* More images from MyWHaT’s tour of Montreal’s bicycle network at our Flickr page *
Love for the sharrow
At the beginning of July I explored the use of the sharrow. Since then, I have experienced the wide use of them in Montreal and New York. Love may be too strong, but there is certainly a new found fondness and understanding of how they could be used in Traverse City.
Montreal is using them liberally as a design solution to difficult situations, like connecting two disconnected bike paths or shifting traffic coming out of a bike lane. This pavement marking’s use is growing in north America’s most bicycle friendly cities. It’s technically called a “shared lane marking” or is otherwise broken down as “share+arrow=sharrow”.
The appreciation for the sharrow inspired a map of Suggested Sharrow use for Traverse City (below). It’s robust and will stretch the minds of certain city staff (not to mention public), yet the suggested placements are all achievable and would go a long way in communicating that Traverse City is serious about improving it’s image as a bicycle friendly place. My goal is to encourage more trips by bicycle and design solutions like sharrows will help.
In the previous post, I went through the uses of the sharrow. Mainly, they are used to position bikes away from opening car-doors, however, the basic advantage I see is that they communicate that bicycles and cars have an equal right to the lane; that bikes belong. They aren’t meant to replace bike lanes or the need for separate bike paths. They are one tool in the tool-box for encouraging bicycling by delineating bike routes, communicating that bikes belong and guiding the direction and positioning of traffic. As I saw in Montreal, they are also a great design asset effective at connecting a bike network that is truncated or broken by a narrow street, intersection or broken street, like one-way streets.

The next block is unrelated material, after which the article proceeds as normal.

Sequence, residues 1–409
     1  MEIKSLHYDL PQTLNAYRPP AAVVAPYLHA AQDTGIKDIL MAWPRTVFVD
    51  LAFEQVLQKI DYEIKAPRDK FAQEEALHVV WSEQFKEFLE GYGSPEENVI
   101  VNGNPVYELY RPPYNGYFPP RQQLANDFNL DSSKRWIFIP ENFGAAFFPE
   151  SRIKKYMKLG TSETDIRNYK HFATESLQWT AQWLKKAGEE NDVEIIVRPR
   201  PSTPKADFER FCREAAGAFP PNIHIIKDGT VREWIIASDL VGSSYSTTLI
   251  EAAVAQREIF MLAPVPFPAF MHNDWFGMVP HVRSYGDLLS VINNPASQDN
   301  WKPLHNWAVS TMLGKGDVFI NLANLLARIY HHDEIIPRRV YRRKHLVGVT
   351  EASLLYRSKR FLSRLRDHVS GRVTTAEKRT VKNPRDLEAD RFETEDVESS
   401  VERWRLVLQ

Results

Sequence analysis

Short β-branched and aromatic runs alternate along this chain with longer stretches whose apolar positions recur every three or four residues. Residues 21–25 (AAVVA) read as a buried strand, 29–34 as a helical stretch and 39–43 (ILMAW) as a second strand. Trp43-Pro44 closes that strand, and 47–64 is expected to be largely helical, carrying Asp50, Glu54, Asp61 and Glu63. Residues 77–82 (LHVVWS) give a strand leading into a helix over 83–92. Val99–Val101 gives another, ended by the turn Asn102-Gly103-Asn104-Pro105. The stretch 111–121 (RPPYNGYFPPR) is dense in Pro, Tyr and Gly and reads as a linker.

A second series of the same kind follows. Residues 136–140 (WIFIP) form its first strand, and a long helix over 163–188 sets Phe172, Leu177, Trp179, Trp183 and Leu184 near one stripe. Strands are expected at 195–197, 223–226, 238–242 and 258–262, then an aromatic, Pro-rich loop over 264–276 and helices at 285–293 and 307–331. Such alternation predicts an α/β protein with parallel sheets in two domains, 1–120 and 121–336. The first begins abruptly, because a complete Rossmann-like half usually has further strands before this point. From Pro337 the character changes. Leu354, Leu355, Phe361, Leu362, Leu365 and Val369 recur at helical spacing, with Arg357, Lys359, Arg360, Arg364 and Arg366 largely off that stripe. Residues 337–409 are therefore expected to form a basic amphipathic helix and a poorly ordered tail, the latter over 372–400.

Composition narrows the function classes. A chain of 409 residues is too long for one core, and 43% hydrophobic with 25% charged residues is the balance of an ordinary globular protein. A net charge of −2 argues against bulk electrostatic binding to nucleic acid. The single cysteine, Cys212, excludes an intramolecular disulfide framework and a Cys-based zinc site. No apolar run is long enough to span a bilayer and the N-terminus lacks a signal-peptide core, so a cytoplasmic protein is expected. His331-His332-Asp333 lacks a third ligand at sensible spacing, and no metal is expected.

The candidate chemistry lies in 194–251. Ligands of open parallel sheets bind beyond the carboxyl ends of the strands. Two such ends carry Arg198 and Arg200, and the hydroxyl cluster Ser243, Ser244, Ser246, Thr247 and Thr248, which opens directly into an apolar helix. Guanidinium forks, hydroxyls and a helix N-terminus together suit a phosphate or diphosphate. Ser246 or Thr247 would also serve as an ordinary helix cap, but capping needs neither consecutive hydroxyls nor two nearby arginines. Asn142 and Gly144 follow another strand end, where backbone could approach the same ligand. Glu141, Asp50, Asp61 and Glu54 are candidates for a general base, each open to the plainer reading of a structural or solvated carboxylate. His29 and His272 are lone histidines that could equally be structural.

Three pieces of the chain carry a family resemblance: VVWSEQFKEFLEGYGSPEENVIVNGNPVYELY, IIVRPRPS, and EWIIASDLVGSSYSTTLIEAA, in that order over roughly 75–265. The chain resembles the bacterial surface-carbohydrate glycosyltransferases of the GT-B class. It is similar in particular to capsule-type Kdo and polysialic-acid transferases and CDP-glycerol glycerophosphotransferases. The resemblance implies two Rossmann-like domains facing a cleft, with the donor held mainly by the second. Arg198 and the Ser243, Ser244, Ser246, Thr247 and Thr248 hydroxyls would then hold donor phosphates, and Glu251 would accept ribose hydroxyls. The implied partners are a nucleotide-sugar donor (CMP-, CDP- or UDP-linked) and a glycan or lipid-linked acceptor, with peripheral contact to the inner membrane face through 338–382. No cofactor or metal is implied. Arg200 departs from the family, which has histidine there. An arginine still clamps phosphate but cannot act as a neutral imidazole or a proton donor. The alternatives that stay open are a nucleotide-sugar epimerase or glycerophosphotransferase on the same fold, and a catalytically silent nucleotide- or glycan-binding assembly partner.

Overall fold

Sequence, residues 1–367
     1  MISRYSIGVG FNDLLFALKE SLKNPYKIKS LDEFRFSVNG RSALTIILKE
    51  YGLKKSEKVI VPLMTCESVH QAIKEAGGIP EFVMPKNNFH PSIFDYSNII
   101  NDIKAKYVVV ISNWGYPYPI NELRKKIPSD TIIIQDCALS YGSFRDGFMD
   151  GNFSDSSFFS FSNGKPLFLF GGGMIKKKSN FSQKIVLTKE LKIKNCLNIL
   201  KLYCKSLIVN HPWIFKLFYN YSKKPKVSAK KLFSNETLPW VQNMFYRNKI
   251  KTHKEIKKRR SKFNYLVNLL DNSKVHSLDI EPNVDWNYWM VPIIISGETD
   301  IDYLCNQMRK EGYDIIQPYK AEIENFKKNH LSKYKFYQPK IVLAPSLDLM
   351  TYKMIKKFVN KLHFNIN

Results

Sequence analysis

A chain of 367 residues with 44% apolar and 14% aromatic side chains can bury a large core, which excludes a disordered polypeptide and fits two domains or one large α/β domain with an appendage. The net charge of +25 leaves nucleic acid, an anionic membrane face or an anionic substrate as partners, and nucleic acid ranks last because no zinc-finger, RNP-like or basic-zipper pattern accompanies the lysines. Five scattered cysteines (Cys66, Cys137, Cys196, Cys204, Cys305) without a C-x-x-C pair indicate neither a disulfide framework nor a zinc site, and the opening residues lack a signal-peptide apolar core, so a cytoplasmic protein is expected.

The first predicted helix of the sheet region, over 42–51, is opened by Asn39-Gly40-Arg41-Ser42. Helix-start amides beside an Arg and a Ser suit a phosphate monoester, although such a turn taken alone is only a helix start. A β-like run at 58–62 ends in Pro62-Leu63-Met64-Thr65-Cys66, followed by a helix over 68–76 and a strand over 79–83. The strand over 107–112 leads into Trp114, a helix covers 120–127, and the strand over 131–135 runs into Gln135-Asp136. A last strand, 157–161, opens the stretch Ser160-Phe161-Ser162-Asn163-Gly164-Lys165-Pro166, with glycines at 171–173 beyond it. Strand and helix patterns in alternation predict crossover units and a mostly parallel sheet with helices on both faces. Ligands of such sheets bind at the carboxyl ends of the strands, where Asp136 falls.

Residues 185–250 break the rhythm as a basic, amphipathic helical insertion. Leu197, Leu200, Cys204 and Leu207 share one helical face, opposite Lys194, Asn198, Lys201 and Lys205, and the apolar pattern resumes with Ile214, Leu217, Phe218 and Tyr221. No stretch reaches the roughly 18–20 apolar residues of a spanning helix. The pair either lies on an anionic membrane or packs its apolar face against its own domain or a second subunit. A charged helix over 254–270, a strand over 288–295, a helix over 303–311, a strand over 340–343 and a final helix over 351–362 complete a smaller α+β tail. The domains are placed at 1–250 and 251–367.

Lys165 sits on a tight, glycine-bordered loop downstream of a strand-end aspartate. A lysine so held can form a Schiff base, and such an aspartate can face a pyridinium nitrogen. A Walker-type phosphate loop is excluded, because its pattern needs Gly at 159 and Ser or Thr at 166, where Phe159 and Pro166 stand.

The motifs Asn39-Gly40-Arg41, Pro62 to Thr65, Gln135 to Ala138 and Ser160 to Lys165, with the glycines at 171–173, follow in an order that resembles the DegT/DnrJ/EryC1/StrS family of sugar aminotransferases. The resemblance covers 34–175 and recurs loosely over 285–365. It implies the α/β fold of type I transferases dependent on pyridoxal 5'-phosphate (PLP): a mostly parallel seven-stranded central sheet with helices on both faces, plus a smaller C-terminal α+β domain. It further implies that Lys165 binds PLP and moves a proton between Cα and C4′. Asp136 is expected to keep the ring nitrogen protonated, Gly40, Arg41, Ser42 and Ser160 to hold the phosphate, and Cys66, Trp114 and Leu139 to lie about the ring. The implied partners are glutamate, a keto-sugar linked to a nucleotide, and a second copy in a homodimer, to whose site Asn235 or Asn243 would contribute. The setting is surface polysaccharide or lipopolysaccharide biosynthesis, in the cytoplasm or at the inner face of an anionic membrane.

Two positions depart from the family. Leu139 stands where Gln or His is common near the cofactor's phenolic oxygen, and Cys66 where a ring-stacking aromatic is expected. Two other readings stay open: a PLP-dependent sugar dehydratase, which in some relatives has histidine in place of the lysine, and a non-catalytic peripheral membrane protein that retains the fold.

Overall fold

The Sharrow Map
Each sharrow has an explanation to its placement. Icons: Red boarder = could be implemented ASAP; Black boarder = possible future location; Yellow boarder = pushing the limits of what’s possible, but not unreasonable.
What do you think? Have you ridden in a city that used sharrows?
EXTRA: The southeast Michigan bicycle BLOG M-Bike posted a piece yesterday asking, “Would Sharrows work in Detroit?” What’s interesting in Detroit is that they have streets overbuilt for current use. The result is plenty of public right of way for bike lanes and segregated bike paths, which are preferred over sharrow use. Traverse City has a limited street network and our main areas where safety is the issue arguably have little room for bike lanes. MyWHaT ran a post about biking in Detroit earlier this year.
We were watching some short films on the National Film Board of Canada’s website this weekend and came across this 1966 documentary that proves that there is life on earth!
Watch “What on Earth!” at the NFB site (embed not available).
However, here is a quick teaser of the earthling discovered.
Watch for the parasites!